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Marine Corps Crew Chiefs

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Marine Corps Crew Chiefs

Cpl. John D. Henderson, crew chief, Marine Heavy Helicopter Squadron 465, Marine Aircraft Group 16, 3rd Marine Aircraft Wing, cleans off the rear rotor head of a CH-53E Super Stallion Sept. 15 at Marine Corps Air Station Miramar.

Official USMC Photo
by Lance Cpl. James B. Hoke

Before a flight, during a flight and well after a flight, there is one Marine who takes on the responsibilities of maintaining the aircraft, observing its safety and providing in-flight maintenance - the crew chief.

Crew chiefs for the CH-53E Super Stallions are responsible for the well-being of the aircraft throughout their flights, as well as observing the environment for the pilots on board.

"Crew chiefs are the enlisted maintainers and flyers for the helicopter squadrons," said Capt. Eric C. Palmer, NATOPS officer, Marine Heavy Helicopter Squadron 361, Marine Aircraft Group 16, 3rd Marine Aircraft Wing. "They take care of all the duties the pilots don't have, which is about everything in the back of the aircraft."

Crew chiefs observe obstructions in a pilot's path, as the pilot cannot see more than 180 degrees in either direction from the nose of the aircraft.

"The CH-53 doesn't have the best view around it, so we have to rely on the crew chief's eyes and ears during a flight," said Palmer, an Endwell, N.Y., native. "Being able to see things that the pilot can't is really one of the biggest aids of a crew chief."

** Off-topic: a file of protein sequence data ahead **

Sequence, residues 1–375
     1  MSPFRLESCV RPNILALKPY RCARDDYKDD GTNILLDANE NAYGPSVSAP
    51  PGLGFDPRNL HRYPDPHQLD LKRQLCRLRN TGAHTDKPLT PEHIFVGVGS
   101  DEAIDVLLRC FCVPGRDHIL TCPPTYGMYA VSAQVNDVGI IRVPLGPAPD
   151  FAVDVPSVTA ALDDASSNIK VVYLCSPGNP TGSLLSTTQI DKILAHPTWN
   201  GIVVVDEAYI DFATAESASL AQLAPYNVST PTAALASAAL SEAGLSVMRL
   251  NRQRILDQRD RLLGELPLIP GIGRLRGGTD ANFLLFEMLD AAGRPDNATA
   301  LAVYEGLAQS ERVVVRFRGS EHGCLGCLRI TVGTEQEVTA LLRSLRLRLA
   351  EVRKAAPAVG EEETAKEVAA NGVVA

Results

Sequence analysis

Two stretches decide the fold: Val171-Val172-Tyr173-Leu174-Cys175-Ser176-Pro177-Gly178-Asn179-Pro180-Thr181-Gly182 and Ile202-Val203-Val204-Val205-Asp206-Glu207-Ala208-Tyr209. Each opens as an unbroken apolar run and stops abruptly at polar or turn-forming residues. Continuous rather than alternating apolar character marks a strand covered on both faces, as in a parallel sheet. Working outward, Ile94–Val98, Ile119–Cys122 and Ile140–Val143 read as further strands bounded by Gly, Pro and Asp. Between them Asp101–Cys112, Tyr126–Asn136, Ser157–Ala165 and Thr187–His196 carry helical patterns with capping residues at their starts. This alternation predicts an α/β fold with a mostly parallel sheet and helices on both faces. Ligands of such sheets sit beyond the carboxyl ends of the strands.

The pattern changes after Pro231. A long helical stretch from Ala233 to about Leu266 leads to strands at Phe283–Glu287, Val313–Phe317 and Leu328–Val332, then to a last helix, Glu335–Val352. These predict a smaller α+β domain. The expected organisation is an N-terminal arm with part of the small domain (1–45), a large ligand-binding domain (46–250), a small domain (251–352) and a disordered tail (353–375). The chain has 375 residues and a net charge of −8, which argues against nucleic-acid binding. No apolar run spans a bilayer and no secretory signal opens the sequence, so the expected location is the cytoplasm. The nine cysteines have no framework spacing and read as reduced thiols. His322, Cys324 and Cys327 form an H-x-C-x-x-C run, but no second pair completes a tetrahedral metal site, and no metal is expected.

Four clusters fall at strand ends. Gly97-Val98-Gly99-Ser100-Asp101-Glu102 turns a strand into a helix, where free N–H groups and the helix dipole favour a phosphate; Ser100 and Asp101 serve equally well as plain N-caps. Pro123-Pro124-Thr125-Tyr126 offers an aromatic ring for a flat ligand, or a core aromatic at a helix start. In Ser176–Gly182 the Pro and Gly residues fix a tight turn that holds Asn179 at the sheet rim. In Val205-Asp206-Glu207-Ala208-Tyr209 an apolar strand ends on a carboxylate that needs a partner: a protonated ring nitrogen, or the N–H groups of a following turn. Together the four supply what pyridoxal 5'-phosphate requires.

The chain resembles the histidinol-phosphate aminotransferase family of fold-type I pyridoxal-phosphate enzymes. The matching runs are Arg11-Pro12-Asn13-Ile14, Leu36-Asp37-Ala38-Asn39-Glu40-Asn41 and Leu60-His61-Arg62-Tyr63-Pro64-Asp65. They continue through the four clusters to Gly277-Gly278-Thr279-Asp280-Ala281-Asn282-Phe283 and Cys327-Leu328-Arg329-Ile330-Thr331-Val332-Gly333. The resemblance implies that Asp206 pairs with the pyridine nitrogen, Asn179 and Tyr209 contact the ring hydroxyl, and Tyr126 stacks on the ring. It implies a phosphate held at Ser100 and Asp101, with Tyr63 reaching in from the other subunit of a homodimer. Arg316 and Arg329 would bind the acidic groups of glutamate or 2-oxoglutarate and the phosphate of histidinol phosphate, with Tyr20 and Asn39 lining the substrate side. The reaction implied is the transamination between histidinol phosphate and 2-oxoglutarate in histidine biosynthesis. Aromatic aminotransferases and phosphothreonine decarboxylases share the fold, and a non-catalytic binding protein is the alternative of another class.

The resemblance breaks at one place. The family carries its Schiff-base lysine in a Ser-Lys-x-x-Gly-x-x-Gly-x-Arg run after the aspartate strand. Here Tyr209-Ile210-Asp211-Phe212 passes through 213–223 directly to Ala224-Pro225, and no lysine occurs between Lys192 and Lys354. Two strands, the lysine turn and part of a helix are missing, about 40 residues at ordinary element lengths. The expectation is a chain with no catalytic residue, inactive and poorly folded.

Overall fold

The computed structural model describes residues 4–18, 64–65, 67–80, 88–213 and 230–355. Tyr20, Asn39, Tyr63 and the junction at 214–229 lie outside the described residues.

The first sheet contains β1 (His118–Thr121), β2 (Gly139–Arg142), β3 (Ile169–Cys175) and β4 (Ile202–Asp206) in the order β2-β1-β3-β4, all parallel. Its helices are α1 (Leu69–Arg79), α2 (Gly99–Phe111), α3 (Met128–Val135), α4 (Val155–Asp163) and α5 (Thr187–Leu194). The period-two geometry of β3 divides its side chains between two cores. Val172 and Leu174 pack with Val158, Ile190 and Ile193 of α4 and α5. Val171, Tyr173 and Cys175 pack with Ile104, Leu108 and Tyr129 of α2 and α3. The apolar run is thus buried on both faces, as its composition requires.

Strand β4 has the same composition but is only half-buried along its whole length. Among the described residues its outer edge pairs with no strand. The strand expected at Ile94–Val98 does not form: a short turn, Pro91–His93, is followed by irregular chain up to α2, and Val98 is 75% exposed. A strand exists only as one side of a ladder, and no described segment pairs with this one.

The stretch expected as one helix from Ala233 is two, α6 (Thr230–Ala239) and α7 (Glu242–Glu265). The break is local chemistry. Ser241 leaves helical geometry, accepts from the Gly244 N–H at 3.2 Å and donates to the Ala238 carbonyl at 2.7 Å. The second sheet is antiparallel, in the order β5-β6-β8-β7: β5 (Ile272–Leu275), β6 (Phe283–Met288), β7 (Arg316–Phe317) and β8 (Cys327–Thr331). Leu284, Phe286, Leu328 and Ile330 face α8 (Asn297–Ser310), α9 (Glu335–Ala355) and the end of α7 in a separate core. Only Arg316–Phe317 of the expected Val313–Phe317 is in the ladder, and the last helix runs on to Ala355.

According to Lance Cpl. D. L. Chewey, crew chief, HMH-361, they are required to know a little of everything on board the aircraft.

"Crew chiefs are required to touch on all aspects of the aircraft," said the Stilwell, Okla., native. "We have to know its limitations. We have to know our limitations. We are there to back up the pilots.

"When we fly, we all have a mission at hand," Chewey added. "Our mission is a mission as a team. You have your pilot and co-pilot. One will fly, and the other will navigate. Then you have a crew chief who will watch and listen to the helicopter itself. We are part of an aircrew, and we play an irreplaceable role."

However, the job of a crew chief, like any job, changes a little bit when they are deployed.

"While deployed, we are on standby all the time," said Cpl. Fidel R. Florez, crew chief, HMH-361. "As far as personal differences between being in garrison or in Iraq, over there we have our armor, weapons and side arms on, and it can be a little more stressful, as well.

"Here, we have about four to five hours to prepare for a flight," the Anthony, N.M., native, added. "Over there, we have a little more than an hour to get ready for a flight that could come up at any moment."

According to Palmer, crew chiefs will also take on extra responsibilities along with their original tasks while deployed.

"Most of their duties of safely helping the pilot operate the aircraft will be the same thing while deployed," said Palmer. "They'll have additional duties, such as keeping eyes out for enemies. They operate the .50-caliber machine guns as well."

The overall importance of a crew chief isn't always noticed, said Palmer.

"Crew chiefs are absolutely necessary," Palmer concluded. "They do a lot of things in the back of the aircraft that pilots just take for granted. They have an impeccable systems knowledge of the aircraft and are an indispensable, invaluable part of the CH-53 aircrew."

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